Why Your Heart Needs A Good Night’s Sleep
Six hours: That’s the minimum amount of sleep per night you need to help your heart stay healthy, new research suggests.
The study found that chronic lack of sleep and poor sleep quality raise the odds of fatty plaque accumulation in arteries — a condition known as atherosclerosis, which increases the odds of heart attack and stroke.
There are many ways to fight heart disease, including “pharmaceuticals, physical activity and diet,” said lead researcher Jose Ordovas. “But this study emphasizes we have to include sleep as one of the weapons we use to fight heart disease — a factor we are compromising every day.”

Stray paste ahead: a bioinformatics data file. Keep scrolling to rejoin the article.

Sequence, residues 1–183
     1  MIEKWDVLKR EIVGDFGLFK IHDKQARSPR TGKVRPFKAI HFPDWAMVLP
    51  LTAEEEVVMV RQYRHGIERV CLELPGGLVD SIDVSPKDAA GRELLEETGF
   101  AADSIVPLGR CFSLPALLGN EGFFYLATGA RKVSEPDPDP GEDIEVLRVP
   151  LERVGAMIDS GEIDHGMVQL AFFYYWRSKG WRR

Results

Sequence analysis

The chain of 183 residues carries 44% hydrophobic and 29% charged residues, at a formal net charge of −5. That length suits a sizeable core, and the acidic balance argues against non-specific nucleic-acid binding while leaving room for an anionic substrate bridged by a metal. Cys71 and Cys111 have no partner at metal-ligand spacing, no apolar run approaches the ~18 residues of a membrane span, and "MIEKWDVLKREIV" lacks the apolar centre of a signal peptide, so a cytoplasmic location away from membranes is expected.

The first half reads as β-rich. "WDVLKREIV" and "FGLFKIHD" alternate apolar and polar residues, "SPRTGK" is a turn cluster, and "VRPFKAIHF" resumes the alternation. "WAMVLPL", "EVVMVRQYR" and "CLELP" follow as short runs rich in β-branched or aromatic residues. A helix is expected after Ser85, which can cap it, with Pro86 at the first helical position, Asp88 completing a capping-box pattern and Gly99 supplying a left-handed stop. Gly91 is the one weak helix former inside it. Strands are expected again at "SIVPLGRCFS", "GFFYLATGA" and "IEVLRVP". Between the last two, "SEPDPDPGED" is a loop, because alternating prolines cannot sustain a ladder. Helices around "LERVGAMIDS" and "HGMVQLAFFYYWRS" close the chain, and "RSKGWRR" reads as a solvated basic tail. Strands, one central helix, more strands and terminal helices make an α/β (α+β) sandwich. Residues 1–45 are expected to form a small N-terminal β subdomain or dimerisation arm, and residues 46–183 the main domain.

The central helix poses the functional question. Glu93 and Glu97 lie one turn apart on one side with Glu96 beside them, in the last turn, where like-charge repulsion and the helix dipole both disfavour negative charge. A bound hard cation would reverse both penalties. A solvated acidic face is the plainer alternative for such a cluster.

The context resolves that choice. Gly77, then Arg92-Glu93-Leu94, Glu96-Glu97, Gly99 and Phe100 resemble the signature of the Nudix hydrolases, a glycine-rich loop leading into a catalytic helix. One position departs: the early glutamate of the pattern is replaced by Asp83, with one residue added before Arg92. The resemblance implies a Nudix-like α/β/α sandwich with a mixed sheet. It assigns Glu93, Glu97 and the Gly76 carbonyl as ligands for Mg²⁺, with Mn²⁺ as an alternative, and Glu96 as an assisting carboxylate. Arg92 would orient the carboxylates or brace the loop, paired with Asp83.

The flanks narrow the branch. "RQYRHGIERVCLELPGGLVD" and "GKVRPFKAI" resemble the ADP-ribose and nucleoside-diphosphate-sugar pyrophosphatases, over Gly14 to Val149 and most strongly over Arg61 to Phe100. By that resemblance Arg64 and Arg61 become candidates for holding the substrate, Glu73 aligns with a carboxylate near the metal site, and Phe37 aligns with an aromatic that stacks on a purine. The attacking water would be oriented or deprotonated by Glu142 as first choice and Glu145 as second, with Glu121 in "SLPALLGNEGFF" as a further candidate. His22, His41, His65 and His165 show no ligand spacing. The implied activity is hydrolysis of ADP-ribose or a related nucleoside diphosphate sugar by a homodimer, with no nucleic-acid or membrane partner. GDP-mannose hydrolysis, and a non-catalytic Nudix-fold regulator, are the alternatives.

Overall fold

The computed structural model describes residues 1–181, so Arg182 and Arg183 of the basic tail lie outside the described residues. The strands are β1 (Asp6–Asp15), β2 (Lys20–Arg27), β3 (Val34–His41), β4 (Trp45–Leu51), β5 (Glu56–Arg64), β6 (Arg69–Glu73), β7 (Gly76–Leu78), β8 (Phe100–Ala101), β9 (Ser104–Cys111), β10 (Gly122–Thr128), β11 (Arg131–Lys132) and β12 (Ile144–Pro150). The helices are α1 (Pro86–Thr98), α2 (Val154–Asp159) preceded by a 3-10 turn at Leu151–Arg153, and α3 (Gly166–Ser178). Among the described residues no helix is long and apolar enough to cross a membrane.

Ordovas is an investigator at the National Center for Cardiovascular Research in Madrid, Spain.
In the new research, his team used coronary ultrasound and CT scans to track the artery health of nearly 4,000 Spanish adults. The study participants, average age 46, did not have heart disease at the beginning of the study.
The study couldn’t prove cause and effect, but people who slept less than six hours a night were 27 percent more likely to have body-wide atherosclerosis than those who slept seven to eight hours a night, Ordovas and his colleagues reported.
Too much sleep wasn’t great for the heart, either. The study also found that women who slept more than eight hours a night had an increased risk of atherosclerosis.
Participants with “poor-quality” sleep — frequent awakenings or difficulty getting to sleep — were also 34 percent more likely to have atherosclerosis, compared to those with good-quality sleep.